What Your Time Management System May Be Missing
If the conclusion you are drawing from the combination of this title and this photo, is that your Time Management System is missing Post-It notes, then go ahead and laugh. There’s a little more to it than that, but I stand by my Post-It’s. There are a lot of time management systems out there, both paper and digital, but I have found that NONE of them facilitate prioritizing, especially sudden RE-prioritizing.
Fixed Time vs. Flexible Time
Digital systems seem to be better for fixed events and paper systems are best for flexible tasks. For that reason, I like a combination of digital and paper. As you can see from this photo, I start with a printout of fixed events, I have scheduled on my computer. They are synced with my smart phone and computer. I print out a week’s worth of days every Sunday. Around those fixed events, I strategically arrange 1.5” x 2” Post-It notes that contain single flexible tasks.
To-do’s that get done
Here’s why this works and why to-do lists don’t. Unlike to-do lists, this system adjusts at the speed of life. This morning, for example, I had planned to purchase a couple CD’s worth of music at the iTunes store for my brother’s birthday tomorrow. Tomorrow!? Hey, that’s pretty urgent. However, I got two calls from new potential clients this morning and naturally they had to take priority. No problem, I simply move the iTunes Post-It to later in the day. It’s cutting it close, I know, but, please, take advantage of modern technology wherever you can. I don’t have to write a new to-do list tomorrow. In fact I never have to write a to-do list ever again. I simply move the Post-It note. Sometimes I move a Post-It note so many times that it stops sticking and I realize that it is relatively unimportant.
What has my system got that others are missing? It’s got a mechanism for prioritization. Oh, I know there are plenty of digital systems that can collect all the priorities you may have, but they just aren’t as compelling as a boldly written Post-It on a SINGLE page of today’s events. BTW I write in red for business demands and blue for personal demands. Yes, they both occupy the same 24 hour playground but, it’s important to keep track of how many Post-It’s are devoted to each. For example, if you are seeing a day filled with blue, you immediately understand why business is at a stand still (and vice versa).
The reason this system works so well for me is that I devote just one spot in my office to my page of priorities, they are bold, and vying for attention. It’s compelling because it’s focused. If I have more Post-It’s than will fit on one page, then I know I am not being realistic and taking on too much. I know you can get an alert on your smart phone for tasks you want to make a point of doing, but do you really want this going off 15 times a day? Not me. I love the idea of the one page forum. I’m compelled to act when absolutely necessary, I can balance my priorities, and I can adjust.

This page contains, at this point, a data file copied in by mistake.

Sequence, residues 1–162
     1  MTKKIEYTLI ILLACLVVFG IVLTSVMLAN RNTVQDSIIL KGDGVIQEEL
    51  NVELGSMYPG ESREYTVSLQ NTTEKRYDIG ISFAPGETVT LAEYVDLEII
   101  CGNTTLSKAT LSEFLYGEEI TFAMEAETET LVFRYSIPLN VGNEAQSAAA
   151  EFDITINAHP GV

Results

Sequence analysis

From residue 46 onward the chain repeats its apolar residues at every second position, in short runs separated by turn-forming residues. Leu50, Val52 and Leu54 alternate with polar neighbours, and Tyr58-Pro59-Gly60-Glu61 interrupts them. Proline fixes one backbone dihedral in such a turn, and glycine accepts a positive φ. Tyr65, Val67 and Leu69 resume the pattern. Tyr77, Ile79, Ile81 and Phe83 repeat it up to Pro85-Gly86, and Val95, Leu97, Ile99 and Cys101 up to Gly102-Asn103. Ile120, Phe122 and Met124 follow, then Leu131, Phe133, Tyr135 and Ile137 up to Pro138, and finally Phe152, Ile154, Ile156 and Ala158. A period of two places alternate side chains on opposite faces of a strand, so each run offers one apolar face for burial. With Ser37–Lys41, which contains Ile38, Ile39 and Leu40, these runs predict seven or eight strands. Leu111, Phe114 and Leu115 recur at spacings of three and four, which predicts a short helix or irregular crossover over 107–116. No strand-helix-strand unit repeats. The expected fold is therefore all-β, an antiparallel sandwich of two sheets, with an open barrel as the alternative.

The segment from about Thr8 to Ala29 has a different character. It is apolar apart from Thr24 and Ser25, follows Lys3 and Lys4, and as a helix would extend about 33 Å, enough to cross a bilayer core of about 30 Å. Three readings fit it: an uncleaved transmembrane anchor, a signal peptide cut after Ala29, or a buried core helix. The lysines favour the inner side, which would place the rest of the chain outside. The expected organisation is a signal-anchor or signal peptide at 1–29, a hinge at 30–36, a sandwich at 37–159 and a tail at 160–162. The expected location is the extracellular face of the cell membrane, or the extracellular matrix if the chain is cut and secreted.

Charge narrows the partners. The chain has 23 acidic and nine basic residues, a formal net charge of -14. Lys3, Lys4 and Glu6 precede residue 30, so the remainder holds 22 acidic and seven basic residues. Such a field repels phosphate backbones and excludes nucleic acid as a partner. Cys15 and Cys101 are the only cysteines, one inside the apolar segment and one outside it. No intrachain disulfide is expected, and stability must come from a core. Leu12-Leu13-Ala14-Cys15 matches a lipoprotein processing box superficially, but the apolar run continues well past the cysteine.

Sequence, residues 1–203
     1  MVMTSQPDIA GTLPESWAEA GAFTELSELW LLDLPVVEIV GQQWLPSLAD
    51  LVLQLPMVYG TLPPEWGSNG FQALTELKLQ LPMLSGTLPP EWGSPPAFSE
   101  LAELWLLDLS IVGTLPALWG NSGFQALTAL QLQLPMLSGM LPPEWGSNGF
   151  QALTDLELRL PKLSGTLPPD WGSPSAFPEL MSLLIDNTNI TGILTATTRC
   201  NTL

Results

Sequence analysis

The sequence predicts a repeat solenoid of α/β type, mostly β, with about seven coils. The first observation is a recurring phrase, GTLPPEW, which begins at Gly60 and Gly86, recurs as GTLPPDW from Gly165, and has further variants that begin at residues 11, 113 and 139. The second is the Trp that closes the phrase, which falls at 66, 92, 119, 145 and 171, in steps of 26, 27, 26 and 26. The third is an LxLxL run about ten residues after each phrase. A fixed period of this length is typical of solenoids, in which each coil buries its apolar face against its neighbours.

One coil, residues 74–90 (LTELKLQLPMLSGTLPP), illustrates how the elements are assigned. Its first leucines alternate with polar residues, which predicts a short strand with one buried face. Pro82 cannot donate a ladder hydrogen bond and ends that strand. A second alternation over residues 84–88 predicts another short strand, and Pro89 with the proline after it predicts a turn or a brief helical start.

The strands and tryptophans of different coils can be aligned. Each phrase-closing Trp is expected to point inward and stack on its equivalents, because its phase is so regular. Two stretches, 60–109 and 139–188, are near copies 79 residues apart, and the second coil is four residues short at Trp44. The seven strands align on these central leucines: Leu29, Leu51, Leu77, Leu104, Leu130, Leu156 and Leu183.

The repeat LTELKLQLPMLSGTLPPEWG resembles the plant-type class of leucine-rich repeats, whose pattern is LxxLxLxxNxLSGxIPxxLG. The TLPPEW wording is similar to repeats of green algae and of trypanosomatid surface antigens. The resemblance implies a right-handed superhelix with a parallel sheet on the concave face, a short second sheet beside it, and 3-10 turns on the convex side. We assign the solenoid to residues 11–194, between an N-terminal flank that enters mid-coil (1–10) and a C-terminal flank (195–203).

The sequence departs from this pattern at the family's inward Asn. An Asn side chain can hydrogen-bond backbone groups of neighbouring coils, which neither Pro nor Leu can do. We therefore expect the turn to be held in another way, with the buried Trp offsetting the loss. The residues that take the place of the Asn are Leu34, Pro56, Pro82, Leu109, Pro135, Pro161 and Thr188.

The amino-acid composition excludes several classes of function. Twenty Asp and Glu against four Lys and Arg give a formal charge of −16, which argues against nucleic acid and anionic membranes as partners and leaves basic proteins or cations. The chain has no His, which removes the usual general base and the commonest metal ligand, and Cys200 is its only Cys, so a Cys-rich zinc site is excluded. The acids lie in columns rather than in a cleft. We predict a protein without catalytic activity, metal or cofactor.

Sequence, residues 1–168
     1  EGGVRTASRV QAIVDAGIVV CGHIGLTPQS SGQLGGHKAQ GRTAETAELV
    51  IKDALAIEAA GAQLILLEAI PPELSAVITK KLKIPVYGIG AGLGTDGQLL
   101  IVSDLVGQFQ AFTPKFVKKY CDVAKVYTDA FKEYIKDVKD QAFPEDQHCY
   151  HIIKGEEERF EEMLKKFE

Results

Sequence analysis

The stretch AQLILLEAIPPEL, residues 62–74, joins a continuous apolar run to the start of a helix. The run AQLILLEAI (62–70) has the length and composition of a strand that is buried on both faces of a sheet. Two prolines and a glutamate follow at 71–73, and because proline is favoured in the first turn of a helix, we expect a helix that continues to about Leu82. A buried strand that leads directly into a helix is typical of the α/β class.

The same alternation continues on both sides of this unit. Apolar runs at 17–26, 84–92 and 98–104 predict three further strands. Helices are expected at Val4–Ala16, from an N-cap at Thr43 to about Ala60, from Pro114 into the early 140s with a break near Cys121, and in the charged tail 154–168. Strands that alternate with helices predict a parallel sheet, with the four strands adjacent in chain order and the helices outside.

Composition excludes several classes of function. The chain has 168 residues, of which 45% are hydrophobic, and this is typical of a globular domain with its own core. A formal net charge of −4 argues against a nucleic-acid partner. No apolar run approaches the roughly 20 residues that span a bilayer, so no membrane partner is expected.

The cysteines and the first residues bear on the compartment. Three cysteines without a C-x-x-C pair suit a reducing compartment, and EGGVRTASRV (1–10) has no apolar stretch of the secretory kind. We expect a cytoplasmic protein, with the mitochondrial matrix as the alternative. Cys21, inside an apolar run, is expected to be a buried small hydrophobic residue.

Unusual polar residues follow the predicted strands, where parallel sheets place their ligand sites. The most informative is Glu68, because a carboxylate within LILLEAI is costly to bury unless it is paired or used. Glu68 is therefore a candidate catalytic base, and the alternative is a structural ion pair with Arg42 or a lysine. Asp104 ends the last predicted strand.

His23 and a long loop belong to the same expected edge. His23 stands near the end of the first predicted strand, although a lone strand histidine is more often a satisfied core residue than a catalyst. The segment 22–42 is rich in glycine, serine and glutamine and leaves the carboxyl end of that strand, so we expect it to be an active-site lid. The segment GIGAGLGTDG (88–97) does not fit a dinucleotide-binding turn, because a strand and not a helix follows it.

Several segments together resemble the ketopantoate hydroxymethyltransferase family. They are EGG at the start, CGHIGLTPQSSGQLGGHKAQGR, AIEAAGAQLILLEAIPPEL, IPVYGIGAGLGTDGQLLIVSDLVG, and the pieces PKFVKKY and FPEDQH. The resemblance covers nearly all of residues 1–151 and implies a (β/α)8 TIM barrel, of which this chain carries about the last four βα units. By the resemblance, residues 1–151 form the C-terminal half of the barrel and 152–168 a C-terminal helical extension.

You may notice a letter in the upper left of these Post-It notes and a number on the lower right. Both are time savers. The letter indicates an action e.g. E = email, W = write, etc. and the number indicates an estimate of minutes. You may not always achieve your estimate of time, but at least you try to set limitations and are more aware of how much time you are devoting to a task. For example, I only gave 45 minutes to writing this blog and I am way over, but at least I am almost done. If I didn’t have the goal of working on my book, waiting in the wings, I would probably not be so close to completion.
You can read any time management book, double the amount of things you do in a day, and still feel unsatisfied. Why? It’s because you aren’t getting to the things that are most important in your life. Life goals are a subject for another blog, but guess what? You can still use my same system. Life goals are projects that need to be broken up into smaller tasks. Each task can also be represented by a small post it. Collect these tasks in what I call a project corral, review each week, and distribute them into your week’s schedule in a realistic manner. You may schedule the day’s event’s first, then the day’s tasks, but then you make room for your life tasks. When you break them down into attainable steps—45 minutes here, 15 minutes there—then they become realistic. On today’s schedule, for example, I have 45 minutes reserved for chapter 7 of an 8 chapter organizing book, I am writing. I would definitely consider writing a book, a life goal. Not many time management systems offer a realistic plan for achieving life goals.
Finally, this system is portable. You will already have your fixed events on your smart phone, but you can also, easily carry a day’s worth of prioritized tasks on just one page. I like carrying it in a clear folder, so I can see today’s priorities at a glance, but can also carry a note pad and collect the receipts of the day.
I should mention that a system like this, is not so necessary if you have a regular full-time job. There, you have a cleaner division between work and personal AND generally, there are other people controlling where you need to devote your time at work. When you are a stay-at-home-parent or a work-from-home professional (like me) or both, the business and personal need to dance back and forth and readjust fluidly.
I wanted to simplify my explanation of my time management system, but it’s not so easy. Why? Because there are so many elements to consider, when making your system truly realistic and effective. Did I miss anything? What works for you?